Uno de los más perversos frutos del Vaticano II fue el acabar con los Estados oficialmente católicos. El caso de España, donde Pablo VI obligó a Franco a aceptar la libertad religiosa tras el Vaticano II, es proverbial. Permítaseme clarificar que una cosa es la libertad religiosa y otra la tolerancia religiosa (que Franco, y los demás Estados católicos, ya tenían, por cierto). Pero ahí estuvieron otros casos, como Portugal. También los de los países hispanoamericanos como Colombia, Costa Rica, etc. E incluso Italia bajo el Pontificado de Juan Pablo II. Contrasta esta actitud autodestructiva con la que algunos países norte-europeos siguen al mantener indeleble su constitución protestante. El Reino Unido de la Gran Bretaña es oficialmente anglicano y, por ejemplo, si un Príncipe o un Rey de ellos se hiciera católico quedaría automáticamente eliminado para el cargo. Otro tanto se puede decir de Holanda, la moderna Sodoma y Gomorra de los Países Bajos (más bajos que nunca), que es oficialmente calvinista. Dinamarca sigue siendo oficialmente luterana, con todas sus consecuencias. Y se podrían citar más ejemplos.
Aunque la Iglesia Romana siempre ha mantenido la separación de poderes, el espiritual y el temporal, a diferencia de la cismática Iglesia Ortodoxa, que cayó en el cesaropapismo, esa separación no es absoluta. De hecho la Iglesia siempre ha dicho que el poder espiritual debe informar al poder temporal y el símil tradicional es el del alma (el poder espiritual) y el cuerpo (el temporal).
Los revolucionarios de 1776 y 1789 (en el fondo vienen a ser la misma cosa, las diferencias son de matices) y sus herederos, los liberales, suelen llenarse la boca de la separación de Iglesia y Estado mantenida en América. Desmontemos ese mito de mano del nunca bien ponderado Athanasius contra Mundum, una de las mejores bitácoras sobre temas religiosos (en temas políticos me parece más discutible) que pululan por ahí en lengua inglesa y que fervientemente les recomiendo.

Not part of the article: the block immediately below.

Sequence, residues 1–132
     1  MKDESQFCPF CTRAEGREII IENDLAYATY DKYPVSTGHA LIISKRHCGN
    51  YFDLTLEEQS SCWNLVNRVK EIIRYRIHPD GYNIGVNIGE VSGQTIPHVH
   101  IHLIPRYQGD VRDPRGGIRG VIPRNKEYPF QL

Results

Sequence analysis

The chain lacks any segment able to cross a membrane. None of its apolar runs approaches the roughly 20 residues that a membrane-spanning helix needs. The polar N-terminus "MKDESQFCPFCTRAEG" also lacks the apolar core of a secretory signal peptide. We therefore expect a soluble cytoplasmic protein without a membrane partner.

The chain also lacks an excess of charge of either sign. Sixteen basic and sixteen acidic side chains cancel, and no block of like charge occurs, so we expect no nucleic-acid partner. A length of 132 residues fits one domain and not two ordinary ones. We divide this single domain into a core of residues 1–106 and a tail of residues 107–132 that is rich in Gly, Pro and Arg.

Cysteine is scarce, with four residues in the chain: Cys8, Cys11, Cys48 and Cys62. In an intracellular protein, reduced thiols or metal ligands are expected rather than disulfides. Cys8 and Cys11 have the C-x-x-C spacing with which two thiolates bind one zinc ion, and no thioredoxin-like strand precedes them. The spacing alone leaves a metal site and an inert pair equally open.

Con la parte del texto que analiza este mito, y uno previo que se suele añadir como prólogo, les dejo. Las consecuencias que se infieren se las dejo a su mejor consideración. En esta transcripción, y por motivos de espacio, he suprimido una digresión sobre los impuestos y la burocracia, pero para aquellos que les interese el tema completo lo pueden encontrar aquí.
«Myth#1: The Pilgrims came to escape religious persecution and find freedom.
False The colonists did not escape persecution to bring freedom, they came to do just what England was doing but to do it to someone else. Until 1830 Catholicism was illegal in Massachusetts and Connecticut. During the colonial and revolutionary periods, if you were a Catholic and caught in the puritan run colonies, you could get a “P” branded on your forehead (for papist). If you were a Society of Friends (Quaker) you would get a Q branded on your forehead. In the South if you were a Catholic you could not hold office. Irish Catholics who had managed to escape the greatest persecution seen since Diocletian in England came over to similar laws and discriminations in America.
Myth#2 America was founded on the principle of Separation of Church and State